Philadelphia Eagles: Stock Watch versus the New England Patriots

(Photo by Mitchell Leff/Getty Images)
(Photo by Mitchell Leff/Getty Images) /
1 of 3

Act 2 is where things really come together.

It’s where you learn the promise of the premise, see the fun and games, and watch the story unfold in a way that sets the audience up for the ultimate payoff – good or bad – in the third and final act.

Considering the NFL season is now broken into 17 games with three games of exhibition play preceding it, using the traditional 3 Act Structure of a modern-day screenplay is a fun way to contextualize the final segment of the preseason.

With that framing tool in mind, the Philadelphia Eagles‘ preseason story is rapidly turning into a horror film, with only a final confrontation against the lowly New York Jets serving as a potential light at the end of the tunnel.

Can you do a Stock Watch for a 35-0? Like really, can you? When you’re watching a team sans a kicker with a sick starting quarterback to boot get blown out on their home turf against their chief AFC Rival, can anyone really appreciate any individual performance through the malaise of another Philadelphia Eagles loss? Eh, might as well try, right?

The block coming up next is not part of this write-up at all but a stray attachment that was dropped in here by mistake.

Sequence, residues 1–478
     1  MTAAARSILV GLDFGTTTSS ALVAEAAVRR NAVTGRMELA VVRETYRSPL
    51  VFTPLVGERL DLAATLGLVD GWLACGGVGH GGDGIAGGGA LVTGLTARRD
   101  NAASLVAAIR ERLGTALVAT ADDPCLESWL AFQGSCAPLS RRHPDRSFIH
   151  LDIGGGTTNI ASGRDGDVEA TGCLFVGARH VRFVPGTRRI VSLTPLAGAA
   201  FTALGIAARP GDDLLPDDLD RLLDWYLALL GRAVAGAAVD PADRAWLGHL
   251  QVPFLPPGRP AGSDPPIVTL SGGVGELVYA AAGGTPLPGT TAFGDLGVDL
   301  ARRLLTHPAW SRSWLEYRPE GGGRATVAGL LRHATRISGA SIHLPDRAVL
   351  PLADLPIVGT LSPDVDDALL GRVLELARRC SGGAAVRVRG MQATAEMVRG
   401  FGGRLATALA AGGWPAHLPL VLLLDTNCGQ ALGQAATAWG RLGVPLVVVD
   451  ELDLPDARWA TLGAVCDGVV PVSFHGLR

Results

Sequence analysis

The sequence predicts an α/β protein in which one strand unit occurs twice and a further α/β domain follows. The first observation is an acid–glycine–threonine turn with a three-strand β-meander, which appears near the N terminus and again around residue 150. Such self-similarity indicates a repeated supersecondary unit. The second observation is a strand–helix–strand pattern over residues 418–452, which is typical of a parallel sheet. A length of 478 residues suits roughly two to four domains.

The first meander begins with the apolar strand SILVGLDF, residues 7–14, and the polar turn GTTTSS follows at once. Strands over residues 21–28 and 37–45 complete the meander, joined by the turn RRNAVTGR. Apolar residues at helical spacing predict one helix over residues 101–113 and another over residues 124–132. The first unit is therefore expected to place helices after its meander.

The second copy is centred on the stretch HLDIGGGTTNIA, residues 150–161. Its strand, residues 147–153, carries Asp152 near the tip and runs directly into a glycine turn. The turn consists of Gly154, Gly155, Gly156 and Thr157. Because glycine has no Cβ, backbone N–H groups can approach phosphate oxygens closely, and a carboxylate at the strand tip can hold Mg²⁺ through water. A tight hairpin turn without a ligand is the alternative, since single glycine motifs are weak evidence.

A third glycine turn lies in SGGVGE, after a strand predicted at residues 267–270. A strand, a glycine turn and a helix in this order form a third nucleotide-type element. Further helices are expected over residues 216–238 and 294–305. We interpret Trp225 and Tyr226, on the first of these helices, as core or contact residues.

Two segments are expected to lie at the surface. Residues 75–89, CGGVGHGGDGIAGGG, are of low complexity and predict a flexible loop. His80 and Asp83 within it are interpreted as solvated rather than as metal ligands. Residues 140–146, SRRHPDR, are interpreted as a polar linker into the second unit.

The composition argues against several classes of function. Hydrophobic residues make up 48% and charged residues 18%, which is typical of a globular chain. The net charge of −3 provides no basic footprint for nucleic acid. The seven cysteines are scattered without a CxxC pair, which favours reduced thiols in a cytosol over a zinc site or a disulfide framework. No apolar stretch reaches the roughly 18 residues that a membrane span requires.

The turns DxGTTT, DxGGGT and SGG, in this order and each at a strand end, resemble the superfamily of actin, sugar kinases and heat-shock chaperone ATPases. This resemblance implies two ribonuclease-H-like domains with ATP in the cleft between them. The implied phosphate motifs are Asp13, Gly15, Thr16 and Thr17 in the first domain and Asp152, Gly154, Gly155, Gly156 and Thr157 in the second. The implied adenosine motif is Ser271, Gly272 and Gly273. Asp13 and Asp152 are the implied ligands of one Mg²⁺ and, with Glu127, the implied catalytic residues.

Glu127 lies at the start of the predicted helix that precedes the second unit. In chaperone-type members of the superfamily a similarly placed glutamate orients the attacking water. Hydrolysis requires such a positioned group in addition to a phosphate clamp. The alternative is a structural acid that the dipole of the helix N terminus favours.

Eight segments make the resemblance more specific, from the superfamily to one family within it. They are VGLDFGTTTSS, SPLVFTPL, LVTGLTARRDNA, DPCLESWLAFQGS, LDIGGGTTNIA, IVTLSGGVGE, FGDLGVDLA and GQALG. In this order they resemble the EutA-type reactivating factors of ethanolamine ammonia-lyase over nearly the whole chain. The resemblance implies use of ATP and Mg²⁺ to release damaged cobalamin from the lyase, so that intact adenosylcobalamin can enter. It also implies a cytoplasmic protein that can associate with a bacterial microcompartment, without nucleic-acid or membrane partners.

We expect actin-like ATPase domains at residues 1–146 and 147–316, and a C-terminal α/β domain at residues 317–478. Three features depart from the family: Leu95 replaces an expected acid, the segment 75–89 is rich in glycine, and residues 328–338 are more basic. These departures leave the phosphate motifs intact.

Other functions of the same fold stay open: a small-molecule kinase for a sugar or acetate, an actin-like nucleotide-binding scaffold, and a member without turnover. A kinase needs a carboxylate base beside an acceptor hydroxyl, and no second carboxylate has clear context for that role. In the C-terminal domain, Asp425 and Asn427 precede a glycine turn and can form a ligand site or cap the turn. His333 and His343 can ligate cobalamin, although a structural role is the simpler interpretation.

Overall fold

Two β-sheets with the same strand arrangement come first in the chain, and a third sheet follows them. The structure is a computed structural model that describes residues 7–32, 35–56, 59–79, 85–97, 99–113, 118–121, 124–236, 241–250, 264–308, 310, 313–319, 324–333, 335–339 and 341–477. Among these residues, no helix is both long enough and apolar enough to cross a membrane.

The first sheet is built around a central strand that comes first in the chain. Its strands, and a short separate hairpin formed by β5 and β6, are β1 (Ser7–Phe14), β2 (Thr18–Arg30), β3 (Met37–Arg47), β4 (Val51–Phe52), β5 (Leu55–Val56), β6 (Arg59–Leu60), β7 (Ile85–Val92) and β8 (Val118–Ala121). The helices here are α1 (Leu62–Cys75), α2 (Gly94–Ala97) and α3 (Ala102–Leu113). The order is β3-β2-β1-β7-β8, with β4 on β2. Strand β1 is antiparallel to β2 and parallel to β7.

Stock up: Alex Singleton

More from Section 215

Did any player try harder in the Philadelphia Eagles’ second preseason game of the summer than Alex Singleton?

I mean seriously, we’re talking about a player who recorded five solo tackles, seven total tackles, and a tackle for loss, while splitting his time between the middle and weakside linebacker spot. If any player on the Eagles’ roster decided to put it upon themselves to give the fans in attendance a show, the honor surely falls on the shoulders of the sixth overall pick in the 2016 CFL Draft.

Splitting his time alongside Eric Wilson and T.J. Edward, Singleton was all over the field for Jonathan Gannon’s defensive unit. He was active around the line, made plays dropped back in zone, and even recorded a particularly good tackle for a loss on a first-quarter Damien Harris run.

Heck, at one point, Singleton was banging on his helmet for what felt like an entire drive to get out of the game but still continued to be an active contributor to the team’s defensive efforts before basically collapsing on the sidelines once replaced by Shaun Bradley.

In a game where players like T.J. Edwards, Eric Wilson, Gennard Avery, and Bradley all turned in plus performances, it was Philadelphia’s reigning 100 tackle man who rose above the rest and proved once and for all that he’s an NFL player after all.